Rebel group denies preventing returnees from leaving Congo

A Rwandan rebel movement based in eastern Democratic Republic of the Congo (DRC), the Forces democratiques de liberation du Rwanda (FDLR), has dismissed as unfounded reports that it had prevented some 3,000 former combatants and civilians from returning to Rwanda.

"The FDLR has always supported the right of any Rwandan refugee to return freely to his homeland," Augustin Dukuze, the FDLR spokesman, said on Saturday.

In a statement, he said his organisation neither had the will nor the capacity to prevent anyone from returning to Rwanda. Dukuze's statement was in response to news reports published on 20 January, quoting the spokesman of the UN Mission in the DRC, Hamadoun Toure, as saying that some Hutu militants opposed to the voluntary repatriation of their countrymen had obstructed former fighters from leaving the forests of North Kivu Province.

Dukuze said on Saturday that although some refugees had chosen to return to Rwanda in recent months, the Rwandan government and MONUC's hopes that the November 2003 return of FDLR commander Paul Rwarakabije would provoke "massive defections" of the former combatants had not materialised.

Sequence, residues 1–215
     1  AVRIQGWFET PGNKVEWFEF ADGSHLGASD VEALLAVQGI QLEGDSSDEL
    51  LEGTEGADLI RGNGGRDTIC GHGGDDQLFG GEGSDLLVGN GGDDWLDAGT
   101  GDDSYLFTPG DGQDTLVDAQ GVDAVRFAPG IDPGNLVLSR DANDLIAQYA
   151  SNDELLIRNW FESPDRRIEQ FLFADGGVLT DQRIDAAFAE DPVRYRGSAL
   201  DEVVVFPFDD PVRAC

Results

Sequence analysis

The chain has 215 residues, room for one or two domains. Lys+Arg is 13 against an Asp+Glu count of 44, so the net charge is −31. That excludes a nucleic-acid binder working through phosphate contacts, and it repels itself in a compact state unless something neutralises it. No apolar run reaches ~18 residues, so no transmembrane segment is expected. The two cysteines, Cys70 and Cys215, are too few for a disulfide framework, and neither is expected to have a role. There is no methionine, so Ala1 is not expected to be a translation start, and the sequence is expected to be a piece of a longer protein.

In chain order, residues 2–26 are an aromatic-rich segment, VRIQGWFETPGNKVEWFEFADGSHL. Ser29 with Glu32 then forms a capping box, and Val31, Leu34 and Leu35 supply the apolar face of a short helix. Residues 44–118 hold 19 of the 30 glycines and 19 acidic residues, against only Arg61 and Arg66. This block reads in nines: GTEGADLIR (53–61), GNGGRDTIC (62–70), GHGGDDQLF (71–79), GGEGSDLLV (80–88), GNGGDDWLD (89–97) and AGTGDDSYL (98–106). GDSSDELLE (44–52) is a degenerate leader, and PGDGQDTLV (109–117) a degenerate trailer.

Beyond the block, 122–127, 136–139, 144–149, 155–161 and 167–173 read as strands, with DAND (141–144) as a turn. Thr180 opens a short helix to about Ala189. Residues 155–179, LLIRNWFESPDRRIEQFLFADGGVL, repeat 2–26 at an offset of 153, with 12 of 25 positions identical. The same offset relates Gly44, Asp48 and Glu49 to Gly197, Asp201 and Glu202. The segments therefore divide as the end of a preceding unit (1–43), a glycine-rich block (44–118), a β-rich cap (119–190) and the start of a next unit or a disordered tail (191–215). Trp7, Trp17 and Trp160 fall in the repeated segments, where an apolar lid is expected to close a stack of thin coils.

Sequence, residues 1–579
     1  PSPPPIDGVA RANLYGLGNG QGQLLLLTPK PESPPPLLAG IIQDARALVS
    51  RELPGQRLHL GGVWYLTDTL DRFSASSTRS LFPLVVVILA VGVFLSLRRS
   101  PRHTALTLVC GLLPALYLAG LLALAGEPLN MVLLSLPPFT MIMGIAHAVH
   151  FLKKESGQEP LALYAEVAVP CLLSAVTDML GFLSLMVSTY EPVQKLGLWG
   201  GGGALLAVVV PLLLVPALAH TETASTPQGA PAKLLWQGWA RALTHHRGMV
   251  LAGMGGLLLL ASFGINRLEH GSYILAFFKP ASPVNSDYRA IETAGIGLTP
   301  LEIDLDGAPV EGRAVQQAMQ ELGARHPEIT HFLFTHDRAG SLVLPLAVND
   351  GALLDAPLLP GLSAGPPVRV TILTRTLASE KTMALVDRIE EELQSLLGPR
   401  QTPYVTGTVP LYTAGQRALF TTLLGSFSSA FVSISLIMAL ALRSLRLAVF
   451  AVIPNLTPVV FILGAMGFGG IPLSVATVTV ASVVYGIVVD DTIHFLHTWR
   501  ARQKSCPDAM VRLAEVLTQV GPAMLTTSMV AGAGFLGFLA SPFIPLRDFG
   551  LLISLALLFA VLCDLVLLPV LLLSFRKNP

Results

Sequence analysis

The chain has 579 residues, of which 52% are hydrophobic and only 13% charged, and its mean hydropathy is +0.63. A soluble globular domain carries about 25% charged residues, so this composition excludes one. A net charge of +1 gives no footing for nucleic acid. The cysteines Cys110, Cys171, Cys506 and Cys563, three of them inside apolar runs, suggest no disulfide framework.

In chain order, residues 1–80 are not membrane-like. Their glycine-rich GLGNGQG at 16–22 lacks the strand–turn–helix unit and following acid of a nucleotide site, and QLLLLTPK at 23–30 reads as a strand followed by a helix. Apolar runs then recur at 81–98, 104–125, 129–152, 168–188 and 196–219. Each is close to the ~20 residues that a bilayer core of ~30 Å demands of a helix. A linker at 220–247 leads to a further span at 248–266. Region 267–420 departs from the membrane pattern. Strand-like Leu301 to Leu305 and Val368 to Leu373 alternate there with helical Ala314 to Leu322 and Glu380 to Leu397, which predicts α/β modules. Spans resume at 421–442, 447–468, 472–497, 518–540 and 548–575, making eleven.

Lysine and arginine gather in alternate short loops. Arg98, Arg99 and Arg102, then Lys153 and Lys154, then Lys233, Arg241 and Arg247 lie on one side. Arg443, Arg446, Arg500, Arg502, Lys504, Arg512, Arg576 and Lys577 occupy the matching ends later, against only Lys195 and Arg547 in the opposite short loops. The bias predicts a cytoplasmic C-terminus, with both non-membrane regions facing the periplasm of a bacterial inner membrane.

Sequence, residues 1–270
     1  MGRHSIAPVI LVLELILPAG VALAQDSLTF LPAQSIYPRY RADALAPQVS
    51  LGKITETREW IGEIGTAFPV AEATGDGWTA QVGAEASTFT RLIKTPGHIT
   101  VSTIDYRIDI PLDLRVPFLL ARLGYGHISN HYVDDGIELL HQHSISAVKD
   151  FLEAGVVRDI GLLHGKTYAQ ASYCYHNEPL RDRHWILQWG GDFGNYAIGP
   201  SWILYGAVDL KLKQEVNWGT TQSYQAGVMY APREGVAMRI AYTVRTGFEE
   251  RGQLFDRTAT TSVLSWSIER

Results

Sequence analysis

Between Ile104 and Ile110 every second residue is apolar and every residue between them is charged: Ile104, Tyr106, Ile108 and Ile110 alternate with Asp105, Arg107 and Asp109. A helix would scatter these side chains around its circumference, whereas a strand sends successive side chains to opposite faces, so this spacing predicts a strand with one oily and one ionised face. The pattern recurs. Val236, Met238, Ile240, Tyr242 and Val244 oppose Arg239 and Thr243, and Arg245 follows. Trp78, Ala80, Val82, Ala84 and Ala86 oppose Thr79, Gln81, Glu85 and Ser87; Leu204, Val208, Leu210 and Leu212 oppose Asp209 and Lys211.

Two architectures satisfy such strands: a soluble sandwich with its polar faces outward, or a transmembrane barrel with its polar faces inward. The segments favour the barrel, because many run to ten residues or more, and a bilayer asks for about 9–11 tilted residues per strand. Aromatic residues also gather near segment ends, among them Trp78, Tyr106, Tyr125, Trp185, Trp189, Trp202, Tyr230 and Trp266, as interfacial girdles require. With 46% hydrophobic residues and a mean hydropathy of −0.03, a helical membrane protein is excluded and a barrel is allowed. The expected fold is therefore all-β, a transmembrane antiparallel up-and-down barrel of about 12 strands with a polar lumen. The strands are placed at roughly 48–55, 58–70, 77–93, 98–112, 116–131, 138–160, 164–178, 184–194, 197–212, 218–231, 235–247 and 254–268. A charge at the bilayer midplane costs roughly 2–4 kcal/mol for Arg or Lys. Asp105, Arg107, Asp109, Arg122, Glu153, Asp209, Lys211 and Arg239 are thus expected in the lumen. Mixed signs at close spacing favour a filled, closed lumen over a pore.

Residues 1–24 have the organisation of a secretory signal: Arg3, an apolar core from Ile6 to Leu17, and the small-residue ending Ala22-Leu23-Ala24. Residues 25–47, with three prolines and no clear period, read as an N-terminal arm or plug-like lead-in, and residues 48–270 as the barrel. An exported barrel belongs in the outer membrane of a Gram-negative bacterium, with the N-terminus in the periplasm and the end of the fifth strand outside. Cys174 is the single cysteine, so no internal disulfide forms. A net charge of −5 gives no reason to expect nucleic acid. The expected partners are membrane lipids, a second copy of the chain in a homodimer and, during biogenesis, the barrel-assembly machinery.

He urged MONUC to consider FDLR concerns on the disarmament, demobilisation and rehabilitation (DDR) programme in Rwanda, saying “forced” repatriation of the refugees would fail and "might even complicate the precarious situation prevalent in the DRC as well as in the Great Lakes region.

The Congolese government has outlawed the FDLR and ordered it out of the country. Many Hutus fled Rwanda in 1994 after Hutu militants killed an estimated 800,000 Tutsi and politically moderate Hutus.

MONUC, has for the last two years supported a voluntary repatriation programme for former Rwandan combatants and their dependents, once opposed to the government in Kigali. The numbers of those returning home rose sharply after Rwarakabije went home.

Of the 14,000 fighters and their dependents estimated to be in the Congo, 5,056 have returned home under the DDR programme for armed foreign groups in the DRC.

South African UN troops are deployed in the Kivus to protect UN personnel trying to urge the Rwandans to leave the forests.